Amy Heimberger from Northwestern University presented her lecture titled “The Immune Landscape of CNS Tumors: Implications for Immunotherapy.” She first reviewed her work on Immune Topographical Atlas that allows for spatial characterization of immune cells in the CNS microenvironment. She described the varying immune cell composition of glioblastoma and brain metastasis within a surgical wedge of tissue divided into the infiltrating edge, the tumor, and the necrotic core using multiplex immunohistochemistry. Given the pivotal role of STAT3 as a key hub of immunosuppression, she then discussed recently published work by her laboratory on pharmacological inhibition of STAT3 using WP1066 in combination with radiation in murine models [3]. She demonstrated that the combination of STAT3 blockade and radiation results in CD3+ and CD11c+ cluster interactions and induction of an inflammatory environment within tumors leading to improved survival of xenograft glioma models in comparison with either therapy alone. She also shed light on the role of STING agonists to repolarize M2 immunosuppressive into M1 antitumor macrophages to turn on proinflammatory responses [4, 5]. Dr. Heimberger emphasized the need for distribution of effector immune cells uniformly within the tumor by highlighting localization of CMV T cells mainly within the perivascular space in a clinical trial of adoptive transfer of CMV-specific T cells in glioblastoma [6]. She closed with an introduction to ultrasound blood-brain barrier (BBB) opening as an approach to improve the therapeutic impact of immune cell effectors in gliomas (unpublished data).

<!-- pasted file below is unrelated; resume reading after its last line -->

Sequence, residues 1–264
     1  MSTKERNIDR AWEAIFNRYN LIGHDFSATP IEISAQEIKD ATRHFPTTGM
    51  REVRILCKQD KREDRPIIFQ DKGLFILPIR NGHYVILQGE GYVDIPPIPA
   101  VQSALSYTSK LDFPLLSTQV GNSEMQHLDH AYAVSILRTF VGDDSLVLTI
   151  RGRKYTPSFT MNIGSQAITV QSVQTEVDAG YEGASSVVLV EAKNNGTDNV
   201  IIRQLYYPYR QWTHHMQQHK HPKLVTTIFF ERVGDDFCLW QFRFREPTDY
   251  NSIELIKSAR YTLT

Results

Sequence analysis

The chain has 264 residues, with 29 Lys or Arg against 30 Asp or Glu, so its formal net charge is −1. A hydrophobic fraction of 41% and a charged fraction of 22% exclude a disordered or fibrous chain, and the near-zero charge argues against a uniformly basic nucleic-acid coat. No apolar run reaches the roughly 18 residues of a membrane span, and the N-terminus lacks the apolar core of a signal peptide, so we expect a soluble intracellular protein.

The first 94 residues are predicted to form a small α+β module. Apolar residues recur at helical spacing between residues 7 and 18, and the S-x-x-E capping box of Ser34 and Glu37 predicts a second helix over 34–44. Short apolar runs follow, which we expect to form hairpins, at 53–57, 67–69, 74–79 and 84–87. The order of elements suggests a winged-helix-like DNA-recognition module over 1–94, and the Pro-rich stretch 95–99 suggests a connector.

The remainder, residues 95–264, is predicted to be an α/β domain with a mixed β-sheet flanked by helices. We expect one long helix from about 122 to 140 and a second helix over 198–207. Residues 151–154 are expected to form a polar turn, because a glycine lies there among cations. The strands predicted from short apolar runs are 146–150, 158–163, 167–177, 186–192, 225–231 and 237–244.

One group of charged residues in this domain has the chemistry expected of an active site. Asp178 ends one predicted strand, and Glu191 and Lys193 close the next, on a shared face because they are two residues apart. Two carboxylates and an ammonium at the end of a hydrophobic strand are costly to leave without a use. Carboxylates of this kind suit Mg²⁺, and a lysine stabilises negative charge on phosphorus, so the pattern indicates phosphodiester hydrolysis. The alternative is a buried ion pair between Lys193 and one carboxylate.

The first lecture in the microenvironment session, moderated by Krishna Bhat from MD Anderson Cancer Center, was by Michelle Monje from Stanford University titled “Neuronal Activity Drive Glioma Progression.” She opened her presentation highlighting the importance of understanding neuron – glia interactions to develop insights into normal gliogenesis and gliomagenesis. Using optogenetic stimulation techniques, Dr. Monje demonstrated that neuronal activity drives normal oligodendroglial cell proliferation and myelination [7]. She then showed that neuronal activity increases proliferation of malignant glioma cells just like it does in their normal counter parts through secreted factors, BDNF and NLGN3, and that inhibition of NLGN3 release through inhibition of its sheddase, ADAM10, blocks glioma growth [8, 9]. Dr. Monje ended her lecture by describing the discovery that glioma is an electrically active tissue and engages in synaptic communication with normal neurons and that neural-glioma circuits are essential for glioma progression [10, 11].